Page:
The artwork of Jonty Hurwitz has a very curious background. Having talked to him at length yesterday, Jonty Hurwitz is very clearly a polymath in the same vein as Da Vinci. He's one of the very few people I've met who integrates science and art in a convincing way and who also has an imperative which involves developing new ways of doing and new ways of seeing.
He works in 3D and starts from science. He didn't start out as an artist and has actually been working with new technology and the Internet for a very long time, was one of the original dot.com millionaires age 28, is a co-founder of wonga.com and has won a considerable number of top awards for technology and the algorithms he devises.
Round about 2008 he started to get more interested in how he could use his knowledge and skills to devise artwork and in particular 3D sculpture through using mathematics and data to inform the engineering of different forms.
In 2010 he started to make 3D sculptures in 2010. Back in January of this year, his website went viral after a blog post on This is Colassal. The Skewed, Anamorphic Sculptures and Engineered Illusions of Jonty Hurwitz provides a very good illustration of the type of art he produces.
That's viral as in some 20 million hits to the various sites about his art across the Internet. It's at this point that it occurs that this number is way in excess of the largest number of visitors to any exhibition held in the UK last year (at which point we divert to a long conversation about art and virtual art exhibitions on the Internet!)
Back to the commission! Two months ago he was commissioned to be an Artist in Residence at the Savoy and to produce an anamorphic artwork for the relaunch. (His agency is Go Figurative - and I've secured an interview with the wonderful Sally to find out more about what it takes to be an artist who works with commercial clients for artwork)
Two weeks ago his sculpture for the Savoy melted when taken out of the mold! However yesterday, the sculpture was in place and looked superb.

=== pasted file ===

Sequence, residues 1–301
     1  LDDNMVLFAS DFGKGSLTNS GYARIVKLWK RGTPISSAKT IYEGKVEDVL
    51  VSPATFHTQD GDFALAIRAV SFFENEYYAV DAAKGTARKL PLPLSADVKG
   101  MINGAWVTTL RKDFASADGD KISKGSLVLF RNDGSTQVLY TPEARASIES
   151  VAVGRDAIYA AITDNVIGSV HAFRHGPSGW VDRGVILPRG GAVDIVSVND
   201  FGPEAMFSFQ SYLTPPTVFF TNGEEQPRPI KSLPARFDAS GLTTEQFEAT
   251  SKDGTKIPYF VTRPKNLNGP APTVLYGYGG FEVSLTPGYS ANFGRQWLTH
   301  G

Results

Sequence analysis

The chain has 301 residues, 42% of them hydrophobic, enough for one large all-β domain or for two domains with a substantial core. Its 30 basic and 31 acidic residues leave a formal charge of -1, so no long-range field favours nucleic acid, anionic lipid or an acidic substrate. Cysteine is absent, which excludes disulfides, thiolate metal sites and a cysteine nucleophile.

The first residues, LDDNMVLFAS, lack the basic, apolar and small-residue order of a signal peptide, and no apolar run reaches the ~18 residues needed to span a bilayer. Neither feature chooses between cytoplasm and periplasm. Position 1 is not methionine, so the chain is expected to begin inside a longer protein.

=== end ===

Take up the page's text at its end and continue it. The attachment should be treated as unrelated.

Jonty described the artistic production process to me - but it's extremely technical and he must be one of the very few artists around today who can be absolutely 100% confident nobody is going to be able to copy his artwork easily - if at all. All I know is it involves a lot of new technology and a phenomenal number of calculations - and won't suit those who don't like numbers!
- he starts with a 3D scanner which renders the subject into microns of detail
- he then uses digital software to convert this into a 3D sculpture as a digital file
- he then uses film-making software to manipulate and morph (this is where it gets very technical and the image files go off the scale)
- it then progresses into a 3D jigsaw puzzle using resin and powder
- the final process involves plating and coating
He works in editions - with 5 being the normal size of an edition. As I said this is very much art of today and it seems to me to be very much the type of art which will be of great interest to major contemporary art collections.
I think the next development in his artwork has got to relate to scale and positioning - and I'm thinking here of the nature of the 'landmark' installations produced by Antony Gormley and Henry Moore as the closest analogy.
I know I'm going to be very much looking forward to what happens next!